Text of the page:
But herein lies the rub: many genes do not have established pathogenic missense variation. For most cancer predisposition genes, we’re certain that if you eliminate the protein (by premature truncation that leads to complete degradation of the RNA), it’s bad. In many of these genes, some small missense changes are bad, too. In others, missense changes are largely tolerated. When variation in genes can cause clinical presentations that are common, like breast or ovarian cancer in a family, it is exceedingly difficult to determine if missense changes in hereditary cancer testing cohorts are harmful or tolerated. Most of these occurrences of cancer are not explained by a genetic predisposition or exposure—they are what’s known as sporadic disease. There are several genes that are linked with cancer predisposition where missense pathogenicity remains to be determined, most famously (at least in my world) PALB2, RAD51C and RAD51D. These genes suffer a particularly high VUS rate because missense changes are neither convicted nor acquitted of being disease-causing. 

Advancing Research to Solve Clinical Dilemmas

Circling back to the question at hand: if there are no known pathogenic missense variants, how can you say that your functional readout (of missense variants) suggests clinical relevance? A recent publication on RAD51C function proposes a novel approach to circumvent this conundrum. The research recently published from Dr. Fergus Couch’s group in Cancer Research outlines a method that will likely be instrumental for any loss of function gene, especially those with MAVE studies in genes where missense pathogenicity is yet to be established. This publication uses a two-pronged approach to overcoming this problem. First, functional validation is undertaken with loss-of-function (those early terminating) variants. Second, the excuse whereby a loss-of-function variant would overshoot the pathogenic mark for a missense pathogenic variant (with possibly milder effect) is mitigated by an additional layer of analysis afforded by a case-control analyses. If you’re in the game and know a little about case-control analyses, you know that you need a lot of cases and controls to get a statistically significant result (if there is one). But remember that we’re talking about rare missense variants, and you’d be lucky to have even one carrier of a single variant in your cases or controls, let alone the 10-plus required for this approach. To get around this problem, the Couch group pools the variants based on their functional readout. Using this method, they were able to show increased odds ratios (this can be interpreted as increased risk) for breast and ovarian cancer for the misbehaving missense variants (functionally deleterious) and that these odds were similar to nasty loss-of-function (truncating) variants. The opposite was true for the functionally neutral variants: they did not have increased odds for breast and ovarian cancer.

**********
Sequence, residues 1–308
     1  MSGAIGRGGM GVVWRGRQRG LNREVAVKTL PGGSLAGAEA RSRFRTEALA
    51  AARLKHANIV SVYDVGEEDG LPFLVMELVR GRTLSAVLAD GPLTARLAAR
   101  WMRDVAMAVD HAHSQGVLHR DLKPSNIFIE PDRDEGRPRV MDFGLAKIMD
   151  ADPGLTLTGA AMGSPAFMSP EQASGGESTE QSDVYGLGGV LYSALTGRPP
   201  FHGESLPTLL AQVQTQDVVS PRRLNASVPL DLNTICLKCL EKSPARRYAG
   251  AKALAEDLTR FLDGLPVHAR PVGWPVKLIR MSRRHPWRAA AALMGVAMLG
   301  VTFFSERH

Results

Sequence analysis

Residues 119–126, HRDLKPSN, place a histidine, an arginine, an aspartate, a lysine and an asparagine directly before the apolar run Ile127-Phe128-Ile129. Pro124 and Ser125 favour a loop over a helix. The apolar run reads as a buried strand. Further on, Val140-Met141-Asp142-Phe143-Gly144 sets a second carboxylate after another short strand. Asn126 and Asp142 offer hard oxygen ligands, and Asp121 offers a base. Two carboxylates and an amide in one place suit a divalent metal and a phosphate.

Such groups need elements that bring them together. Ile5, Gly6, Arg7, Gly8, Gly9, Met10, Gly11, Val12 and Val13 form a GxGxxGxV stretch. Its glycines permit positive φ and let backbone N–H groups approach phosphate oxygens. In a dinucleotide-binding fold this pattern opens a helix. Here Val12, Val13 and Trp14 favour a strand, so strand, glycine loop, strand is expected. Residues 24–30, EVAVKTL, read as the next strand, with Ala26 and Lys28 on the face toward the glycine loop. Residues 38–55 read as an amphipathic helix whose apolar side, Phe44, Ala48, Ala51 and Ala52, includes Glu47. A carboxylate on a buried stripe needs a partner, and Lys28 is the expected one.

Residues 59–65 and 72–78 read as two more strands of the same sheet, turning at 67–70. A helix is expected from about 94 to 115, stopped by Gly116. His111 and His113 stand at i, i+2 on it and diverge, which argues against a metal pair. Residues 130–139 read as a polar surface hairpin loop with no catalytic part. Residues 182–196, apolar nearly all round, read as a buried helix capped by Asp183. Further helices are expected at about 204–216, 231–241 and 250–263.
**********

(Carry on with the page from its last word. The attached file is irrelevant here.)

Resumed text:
To conclude, this RAD51C paper serves as an important milestone for variant interpretation which can be extrapolated to other such genes with elusive missense pathogenicity: 1) it provides an approach for establishing (or refuting) missense variation as a mechanism of pathogenicity for loss-of-function genes; 2) it provides variant-level functional data that can be combined with other lines of evidence for interpretation of individual missense variants; and 3) it provides a set of clinically relevant missense variants that can serve as the benchmark for future validation of novel functional studies.


Source: Hu C, Nagaraj AB, Shimelis H, et al. Functional and Clinical Characterization of Variants of Uncertain Significance Identifies a Hotspot for Inactivating Missense Variants in RAD51C. Cancer Res. 2023 Aug 1;83(15):2557-2571. doi: 10.1158/0008-5472.CAN-22-2319